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A status entered after birth and usually due at least in part to individual behaviour.
Power assigned according to norms and generally accepted as legitimate by those
over whom it is exercised.
A method of posing and answering questions that relies on clear, objective
guidelines for gathering and interpreting observable evidence.
The process through which people more from one position in a stratification system
Following is the classic definition by the anthropologist Sir Edward B. Tylor, "That
complex whole which includes knowledge, belief, art, morals, law, custom, and any
other capabilities and habits acquired by man as a member of society of society."
According to Alfred L. Kroeber and Clyde Kluckhohn, "culture consists of patterns,
explicit and implicit, of and for behaviour acquired and transmitted by symbols,
constituting the distinctive achievements of human groups, including their
embodiments in artefacts; the essential core of culture consists of traditional (i.e.,
historically derived and selected) ideas and especially their attached values." Of
course, symbolic interactionists would add that the essence of culture is language
(i.e., symbols), as the essence of reality is language or symbols. For this school,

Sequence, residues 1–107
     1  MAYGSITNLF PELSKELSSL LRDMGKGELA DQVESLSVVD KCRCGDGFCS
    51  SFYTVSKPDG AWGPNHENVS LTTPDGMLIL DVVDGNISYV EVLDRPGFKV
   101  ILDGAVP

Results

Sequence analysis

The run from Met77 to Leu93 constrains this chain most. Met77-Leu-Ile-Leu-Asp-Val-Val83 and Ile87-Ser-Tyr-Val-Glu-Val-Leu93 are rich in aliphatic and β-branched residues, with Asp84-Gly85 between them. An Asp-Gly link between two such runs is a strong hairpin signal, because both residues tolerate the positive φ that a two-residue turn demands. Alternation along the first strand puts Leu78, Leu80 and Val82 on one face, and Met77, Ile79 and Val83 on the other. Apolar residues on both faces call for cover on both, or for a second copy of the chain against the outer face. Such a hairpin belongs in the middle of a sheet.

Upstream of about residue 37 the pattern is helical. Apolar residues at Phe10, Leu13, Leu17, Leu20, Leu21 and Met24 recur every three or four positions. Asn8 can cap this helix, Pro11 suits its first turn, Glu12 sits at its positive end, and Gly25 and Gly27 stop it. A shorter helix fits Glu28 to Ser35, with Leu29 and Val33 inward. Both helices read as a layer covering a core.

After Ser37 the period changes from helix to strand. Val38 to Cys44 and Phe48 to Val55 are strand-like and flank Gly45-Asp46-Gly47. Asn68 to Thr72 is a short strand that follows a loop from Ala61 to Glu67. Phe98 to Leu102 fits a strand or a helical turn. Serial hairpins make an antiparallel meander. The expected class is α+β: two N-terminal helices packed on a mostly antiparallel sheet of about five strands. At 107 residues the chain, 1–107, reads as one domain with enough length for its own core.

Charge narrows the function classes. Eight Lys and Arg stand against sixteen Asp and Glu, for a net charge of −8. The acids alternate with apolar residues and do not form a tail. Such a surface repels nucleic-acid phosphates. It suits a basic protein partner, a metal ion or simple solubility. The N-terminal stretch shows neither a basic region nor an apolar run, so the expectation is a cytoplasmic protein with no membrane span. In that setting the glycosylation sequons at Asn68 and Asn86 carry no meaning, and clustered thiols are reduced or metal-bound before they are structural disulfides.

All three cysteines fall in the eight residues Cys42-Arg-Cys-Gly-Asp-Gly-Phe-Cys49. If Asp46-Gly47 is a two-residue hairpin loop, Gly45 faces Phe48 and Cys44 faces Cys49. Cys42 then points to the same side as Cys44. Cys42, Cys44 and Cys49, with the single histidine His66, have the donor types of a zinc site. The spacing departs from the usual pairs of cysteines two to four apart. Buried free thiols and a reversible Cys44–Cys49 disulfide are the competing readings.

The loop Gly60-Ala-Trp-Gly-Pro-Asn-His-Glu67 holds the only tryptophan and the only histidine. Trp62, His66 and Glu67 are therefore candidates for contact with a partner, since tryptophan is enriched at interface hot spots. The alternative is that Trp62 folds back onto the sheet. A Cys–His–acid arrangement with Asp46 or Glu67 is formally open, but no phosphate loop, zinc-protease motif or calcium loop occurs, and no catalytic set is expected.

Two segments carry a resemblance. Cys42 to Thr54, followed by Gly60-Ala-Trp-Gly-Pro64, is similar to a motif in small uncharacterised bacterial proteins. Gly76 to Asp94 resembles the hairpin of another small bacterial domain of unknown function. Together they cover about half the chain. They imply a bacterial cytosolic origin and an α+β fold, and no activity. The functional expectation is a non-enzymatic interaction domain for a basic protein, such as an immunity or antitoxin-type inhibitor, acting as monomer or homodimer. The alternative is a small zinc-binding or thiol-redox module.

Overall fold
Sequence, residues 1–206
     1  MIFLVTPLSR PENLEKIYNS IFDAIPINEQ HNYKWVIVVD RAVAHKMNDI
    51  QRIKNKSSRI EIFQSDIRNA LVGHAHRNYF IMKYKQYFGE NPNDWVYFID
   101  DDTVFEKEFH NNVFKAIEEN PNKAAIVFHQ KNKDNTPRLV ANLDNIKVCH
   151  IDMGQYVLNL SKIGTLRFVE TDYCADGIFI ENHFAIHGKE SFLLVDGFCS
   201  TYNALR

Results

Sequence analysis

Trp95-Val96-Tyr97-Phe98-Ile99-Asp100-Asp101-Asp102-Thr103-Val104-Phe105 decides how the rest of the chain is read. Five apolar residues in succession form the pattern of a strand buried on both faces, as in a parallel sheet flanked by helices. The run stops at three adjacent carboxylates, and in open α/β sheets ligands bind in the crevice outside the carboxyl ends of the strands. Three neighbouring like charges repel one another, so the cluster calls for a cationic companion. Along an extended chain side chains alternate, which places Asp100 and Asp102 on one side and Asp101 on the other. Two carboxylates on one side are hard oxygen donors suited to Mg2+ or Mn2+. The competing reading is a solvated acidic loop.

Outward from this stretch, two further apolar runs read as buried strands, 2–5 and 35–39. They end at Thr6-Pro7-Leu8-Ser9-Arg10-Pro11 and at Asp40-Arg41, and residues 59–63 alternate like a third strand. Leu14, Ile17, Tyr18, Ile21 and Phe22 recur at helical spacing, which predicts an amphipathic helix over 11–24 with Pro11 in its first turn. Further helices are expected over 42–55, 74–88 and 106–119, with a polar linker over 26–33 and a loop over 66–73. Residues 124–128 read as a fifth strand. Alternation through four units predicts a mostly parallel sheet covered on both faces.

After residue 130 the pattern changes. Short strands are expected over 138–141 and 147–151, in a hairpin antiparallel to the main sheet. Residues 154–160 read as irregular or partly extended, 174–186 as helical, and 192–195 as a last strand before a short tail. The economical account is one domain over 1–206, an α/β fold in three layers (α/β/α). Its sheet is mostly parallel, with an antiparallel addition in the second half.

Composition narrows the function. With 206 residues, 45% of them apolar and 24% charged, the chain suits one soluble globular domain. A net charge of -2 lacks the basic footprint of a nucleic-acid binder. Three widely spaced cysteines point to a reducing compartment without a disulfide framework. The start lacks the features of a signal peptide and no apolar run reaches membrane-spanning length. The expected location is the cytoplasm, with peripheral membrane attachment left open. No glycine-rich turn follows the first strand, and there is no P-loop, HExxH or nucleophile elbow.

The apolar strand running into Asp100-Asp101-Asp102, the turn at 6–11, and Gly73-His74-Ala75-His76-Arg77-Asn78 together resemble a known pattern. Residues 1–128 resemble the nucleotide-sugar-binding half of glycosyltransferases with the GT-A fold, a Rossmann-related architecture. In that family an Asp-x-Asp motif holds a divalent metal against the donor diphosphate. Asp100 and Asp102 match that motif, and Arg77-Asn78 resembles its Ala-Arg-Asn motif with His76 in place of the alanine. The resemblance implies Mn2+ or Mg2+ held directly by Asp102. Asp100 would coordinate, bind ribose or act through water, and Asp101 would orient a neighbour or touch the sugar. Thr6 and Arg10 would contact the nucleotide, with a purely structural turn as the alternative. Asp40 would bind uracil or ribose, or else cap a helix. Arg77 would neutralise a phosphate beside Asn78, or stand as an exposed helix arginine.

culture is most generally identified as "systems of human meaning." It should be
pointed out that some sociologists exclude artefacts or material objects from their
definitions of culture; they include in culture technical knowledge about the
artefacts but do not include the artefacts themselves. Other sociologists and
cultural anthropologists have suggested combining the concepts culture and
society contending that all human phenomena are sociocultural in nature. In
Marxian sociology culture is conceptualised as part of the superstructure; and is
thus seen as an outgrowth-upgrowth of the economic infrastructure.
The process through which people learn to think, feel, evaluate, and behave as
individuals in relation to others and social systems.
A theoretical and ideological framework that directly opposes sexism by supporting
Incompatibility of enactment of two or more different roles that one person can
enact at a certain time or place. The role conflict can be of short duration, tied
to a certain situation, or long-lived. An example of role conflict would be a
husband and father who is also Chief of Police. If a tornado strikes the small town
he is living in, the man has to decide if he should go home and be with his family
and fulfil the role of being a good husband and father or remain and fulfil the duties
of a "good" Chief of Police because the whole town need his expertise.
An approach or orientation of studying social and cultural phenomena. It holds
that society is essentially a set of interrelated parts, e.g., institutions, beliefs,
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It is held
that no part, its existence, or operation, can be understood in isolation from the
whole. Society is seen, from this position, as analogous to the human body or any
other living organism. Each of the "parts" of society are seen as operating much
like organs of the body.…read more